Thursday, August 04, 2016

Have t'

I was rushing south on Yonge, on the east side, towards Dundas Square. Joe and the kids were going to take a cab. We were a little late, I can go faster on my own, we were worried about rain, so it made sense for me to go ahead, and for them to grab a ride. I grinned as they passed me on the street, the girls calling out to me and laughing as they raced by in the cab. I knew I was making good time and therefore wouldn't keep them all waiting long.

Scooting by a couple in front of me, I thanked them and zoomed on. Then on the next block I came to a stand still. they were doing construction and pedestrians were being forced off the sidewalk onto the road beside with concrete barriers set up creating a very narrow passageway. To make it "accessible" they made a concrete ramp from sidewalk to passageway. Because it was narrow, the ramp was really, really steep. I feared that I'd tip over going down forwards and if I didn't tip, the speed at which I'd go down I'd run into the concrete barrier. It was a long way back to the light to cross over to the other side. I reviewed my options.

Settling on going down backwards, I turned the chair around and the couple who I had passed had caught up to me. They stopped to give me room to make my manoeuvres and I carefully made my way down. I was touching the barrier while still on the ramp but made the turn anyway and got down. Then I saw the other ramp on the other side, equally steep, equally treacherous. The couple, who were from the Southern States in the United States, spoke with a lovely accent.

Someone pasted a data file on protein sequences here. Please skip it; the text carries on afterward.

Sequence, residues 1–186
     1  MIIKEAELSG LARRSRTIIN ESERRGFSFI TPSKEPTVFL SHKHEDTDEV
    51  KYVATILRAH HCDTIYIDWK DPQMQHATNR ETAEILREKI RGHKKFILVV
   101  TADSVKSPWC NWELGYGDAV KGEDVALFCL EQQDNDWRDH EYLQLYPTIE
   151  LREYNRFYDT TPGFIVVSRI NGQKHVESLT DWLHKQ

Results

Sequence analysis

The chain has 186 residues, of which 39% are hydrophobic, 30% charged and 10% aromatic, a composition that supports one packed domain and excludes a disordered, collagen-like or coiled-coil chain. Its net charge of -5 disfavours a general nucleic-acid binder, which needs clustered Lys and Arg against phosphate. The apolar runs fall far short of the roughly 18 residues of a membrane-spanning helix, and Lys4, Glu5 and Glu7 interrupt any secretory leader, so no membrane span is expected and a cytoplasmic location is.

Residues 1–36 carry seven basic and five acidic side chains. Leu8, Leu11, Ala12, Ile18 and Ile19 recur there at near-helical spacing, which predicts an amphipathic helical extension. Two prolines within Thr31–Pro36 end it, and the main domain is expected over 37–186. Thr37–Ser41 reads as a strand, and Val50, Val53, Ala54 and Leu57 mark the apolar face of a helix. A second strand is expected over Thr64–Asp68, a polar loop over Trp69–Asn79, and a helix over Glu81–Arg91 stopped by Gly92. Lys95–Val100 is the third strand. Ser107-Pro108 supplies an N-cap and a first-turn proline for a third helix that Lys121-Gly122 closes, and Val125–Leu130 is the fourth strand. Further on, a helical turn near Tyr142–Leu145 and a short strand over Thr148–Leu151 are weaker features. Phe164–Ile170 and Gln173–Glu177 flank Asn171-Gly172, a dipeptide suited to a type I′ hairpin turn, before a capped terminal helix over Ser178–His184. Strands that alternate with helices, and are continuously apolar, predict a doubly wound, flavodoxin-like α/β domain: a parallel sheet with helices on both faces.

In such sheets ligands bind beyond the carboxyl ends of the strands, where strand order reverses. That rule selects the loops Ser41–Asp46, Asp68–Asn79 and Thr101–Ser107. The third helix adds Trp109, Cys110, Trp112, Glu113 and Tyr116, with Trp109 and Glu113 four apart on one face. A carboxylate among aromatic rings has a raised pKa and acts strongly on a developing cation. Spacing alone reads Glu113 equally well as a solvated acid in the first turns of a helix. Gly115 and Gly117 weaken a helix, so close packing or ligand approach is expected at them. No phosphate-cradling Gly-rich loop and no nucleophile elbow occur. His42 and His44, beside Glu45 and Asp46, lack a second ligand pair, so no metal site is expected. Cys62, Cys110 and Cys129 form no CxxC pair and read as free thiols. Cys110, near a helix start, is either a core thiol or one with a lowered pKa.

"They don't make it easy for y'all, do they," she said, and I agreed. He said, "My mother used to say there's a difference between have t' and want t', this here," he indicated the curb, "would be a have t'."  I agreed wholeheartedly he was right. This was there because they had to do something "accessible" not because they wanted to make it accessible. I climbed back up onto the sidewalk and wished them a good vacation in the city.

I wish I could catch their accent here but I can't, I still hear his voice saying 'have t'' and 'want t'' because I know I'm going to use that classification a lot in my head when it comes to ranking accessibility in my head. I'm already guessing there's a lot more have t' than want t' out there.

A lot more.


CapriUni said...

Just a note from a Native USA American: the standard spelling of that particular connected speech)(sliding two words together into one) is "haveta" (and yes, it's written like that when in dialog -- we use it often enough that it's in our dictionaries).

Maybe that'll help you remember their voices.

Adelaide Dupont said...

And I often hear/see hafta and wanta.

jesse-the-k said...

Oh my yes. I have encounter this sort of "access theater" many times. It's almost as if the construction team cares more about appearing to comply than actually complying. This enrages me: they are actually creating barriers in the name of access.